Next Sohee - Film Screenshot 6

This is where a factor that is special to Korea comes into play. Quotas that have to be fulfilled and rankings that are always posted at the workplace for everyone to see. Koreans are already familiar with this concept from school, where they are judged and ranked according to their performance. The employees have to compete with each other, while the individual teams are also judged on their results. Later, we also find out that state funds are approved depending on how many students the schools successfully place within companies, so the problems go all the way to the top. Therefore, it's no wonder that the resulting pressure can lead to serious issues and even suicide, which the bosses quickly cover up. The police also seem to just have to accept the fact that this is how the world works, or they are semi-corrupt themselves. But there is also our second protagonist, played by Bae Doo-na ("The Silent Sea"). The policewoman seems reserved and hard-nosed, but over time, we realize that the case affects her deeply, and she even takes the matter personally.

Next Sohee - Film Screenshot 7

However, the real heroine of the story is of course So-hee, portrayed by Kim Si-eun, who will also appear in the second season of "Squid Game". Her personality is fleshed out quite nicely, and her transformation at work into a motivated call center employee, as she looks forward to her bonus, and her subsequent bitterness and anger about being taken advantage of are the driving force of the movie. Nevertheless, behind her fairly high-spirited personality, there is also a sensitive girl. And some of her decisions can be described as rather nave, just as you would expect from a girl her age. In addition, she comes from a poor family, which becomes more and more obvious over time - she doesn't even have a computer at home. It is exactly because of her effort to escape poverty, which is put into focus as her motivator quite cleverly, though, that she gets so involved at work, but is then disillusioned and has to realize that people want to keep people like her poor and that she has no chance to really change anything in her life. So for what exactly did she give up her dream of dancing?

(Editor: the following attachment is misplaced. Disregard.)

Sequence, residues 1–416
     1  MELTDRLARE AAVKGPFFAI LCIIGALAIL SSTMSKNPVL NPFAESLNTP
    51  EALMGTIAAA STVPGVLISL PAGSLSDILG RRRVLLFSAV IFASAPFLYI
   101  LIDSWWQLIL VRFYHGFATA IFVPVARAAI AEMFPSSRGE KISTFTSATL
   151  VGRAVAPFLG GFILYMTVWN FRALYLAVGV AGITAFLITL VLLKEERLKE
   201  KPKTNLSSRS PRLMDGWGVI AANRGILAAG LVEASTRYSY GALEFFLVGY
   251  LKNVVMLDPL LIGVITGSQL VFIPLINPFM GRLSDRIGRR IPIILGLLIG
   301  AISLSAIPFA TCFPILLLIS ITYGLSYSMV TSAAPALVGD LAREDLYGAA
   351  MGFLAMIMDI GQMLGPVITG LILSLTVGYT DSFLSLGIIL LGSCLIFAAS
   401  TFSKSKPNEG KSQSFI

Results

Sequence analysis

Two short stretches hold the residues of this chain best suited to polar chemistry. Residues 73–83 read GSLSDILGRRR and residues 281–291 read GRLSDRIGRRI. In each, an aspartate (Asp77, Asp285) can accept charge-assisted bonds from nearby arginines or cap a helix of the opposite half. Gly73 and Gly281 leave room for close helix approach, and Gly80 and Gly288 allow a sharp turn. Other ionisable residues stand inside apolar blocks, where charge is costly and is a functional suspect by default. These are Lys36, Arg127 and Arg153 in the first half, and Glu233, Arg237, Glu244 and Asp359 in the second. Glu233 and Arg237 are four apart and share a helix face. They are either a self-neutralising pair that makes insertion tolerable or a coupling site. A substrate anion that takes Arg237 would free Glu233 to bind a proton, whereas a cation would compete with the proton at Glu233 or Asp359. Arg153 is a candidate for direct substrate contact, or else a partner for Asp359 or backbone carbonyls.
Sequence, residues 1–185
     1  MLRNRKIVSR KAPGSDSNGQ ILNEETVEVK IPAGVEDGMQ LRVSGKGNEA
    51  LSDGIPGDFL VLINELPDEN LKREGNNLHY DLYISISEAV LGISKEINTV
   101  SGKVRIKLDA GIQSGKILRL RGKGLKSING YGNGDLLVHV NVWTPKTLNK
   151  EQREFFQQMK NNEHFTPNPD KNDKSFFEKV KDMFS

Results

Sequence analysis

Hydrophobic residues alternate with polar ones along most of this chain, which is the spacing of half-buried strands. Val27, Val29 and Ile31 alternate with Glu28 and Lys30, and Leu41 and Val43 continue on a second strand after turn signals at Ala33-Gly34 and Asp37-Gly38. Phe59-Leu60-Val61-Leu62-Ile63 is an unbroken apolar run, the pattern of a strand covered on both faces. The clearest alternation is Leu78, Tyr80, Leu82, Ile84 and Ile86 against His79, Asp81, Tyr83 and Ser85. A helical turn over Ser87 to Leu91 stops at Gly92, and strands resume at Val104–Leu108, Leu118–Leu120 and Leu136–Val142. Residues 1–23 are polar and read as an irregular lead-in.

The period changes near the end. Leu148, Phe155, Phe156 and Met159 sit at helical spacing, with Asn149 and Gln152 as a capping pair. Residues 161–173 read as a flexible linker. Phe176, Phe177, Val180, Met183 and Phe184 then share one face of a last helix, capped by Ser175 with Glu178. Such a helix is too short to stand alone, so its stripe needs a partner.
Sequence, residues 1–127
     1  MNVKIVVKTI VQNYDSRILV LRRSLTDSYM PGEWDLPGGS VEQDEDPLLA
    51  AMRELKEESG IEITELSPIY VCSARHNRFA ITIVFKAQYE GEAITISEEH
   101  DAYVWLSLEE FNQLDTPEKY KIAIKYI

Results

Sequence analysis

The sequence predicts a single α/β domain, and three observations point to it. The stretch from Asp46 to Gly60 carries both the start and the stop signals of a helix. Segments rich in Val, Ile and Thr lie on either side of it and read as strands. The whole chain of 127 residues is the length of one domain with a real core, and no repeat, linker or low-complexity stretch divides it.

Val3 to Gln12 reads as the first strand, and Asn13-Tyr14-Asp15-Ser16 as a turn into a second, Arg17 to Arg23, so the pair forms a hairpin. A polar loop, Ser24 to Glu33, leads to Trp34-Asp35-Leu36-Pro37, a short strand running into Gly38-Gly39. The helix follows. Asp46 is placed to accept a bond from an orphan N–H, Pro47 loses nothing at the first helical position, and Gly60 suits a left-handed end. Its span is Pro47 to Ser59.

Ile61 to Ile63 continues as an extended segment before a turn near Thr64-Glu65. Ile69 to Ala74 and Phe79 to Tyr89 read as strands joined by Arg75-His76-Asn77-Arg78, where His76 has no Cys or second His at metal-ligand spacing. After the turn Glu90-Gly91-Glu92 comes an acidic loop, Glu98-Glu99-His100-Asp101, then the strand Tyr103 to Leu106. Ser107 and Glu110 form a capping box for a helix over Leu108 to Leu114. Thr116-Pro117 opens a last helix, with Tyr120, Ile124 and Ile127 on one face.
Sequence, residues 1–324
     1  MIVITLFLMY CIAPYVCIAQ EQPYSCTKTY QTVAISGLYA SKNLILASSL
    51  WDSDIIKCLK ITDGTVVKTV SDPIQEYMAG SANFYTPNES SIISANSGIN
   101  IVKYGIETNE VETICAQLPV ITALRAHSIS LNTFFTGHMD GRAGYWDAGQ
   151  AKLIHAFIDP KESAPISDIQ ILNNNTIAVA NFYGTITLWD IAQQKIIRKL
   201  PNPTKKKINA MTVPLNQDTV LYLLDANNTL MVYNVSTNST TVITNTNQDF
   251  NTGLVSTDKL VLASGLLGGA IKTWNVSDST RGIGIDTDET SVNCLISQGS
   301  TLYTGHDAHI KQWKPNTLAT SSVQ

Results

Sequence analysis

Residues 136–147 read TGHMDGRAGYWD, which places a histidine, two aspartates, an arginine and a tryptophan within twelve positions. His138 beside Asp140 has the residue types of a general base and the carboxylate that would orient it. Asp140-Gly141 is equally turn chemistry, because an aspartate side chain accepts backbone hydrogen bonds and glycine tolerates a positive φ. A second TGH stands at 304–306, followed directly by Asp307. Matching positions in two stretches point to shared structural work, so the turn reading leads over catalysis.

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Next Sohee - Film Screenshot 10

So-hee's parents are also written interestingly. They don't notice most of the things that are happening, and it turns out that they don't really know their daughter either. The reasons for this have to be read between the lines, like so many other things that have to do with the characters. The situation is different when it comes to the socio-critical aspects, though. The investigation makes it very clear what the problem of today's society is, and a little more subtlety would have helped here. You could also criticize the pacing, which turns out a bit too long-winded. Even though a few things happen without warning and sort of wake you up again, keeping you glued to the screen, you still have to be patient for long stretches of time. Strangely enough, "Next Sohee" also gets a bit more emotional towards the end, but somehow, the tears just won't come. Maybe that's because of the somewhat cold direction or because of my own callousness. Because the drama shows some serious problems of our society, but doesn't the majority of people already know about this? Or are we really supposed to believe that anything will change in the near future? But that could also be the reason for So-hee's bitterness. In the end, "Next Sohee" is a drama that is definitely recommendable, but maybe also hits the bull's eye a bit too perfectly.

(Author: Manfred Selzer)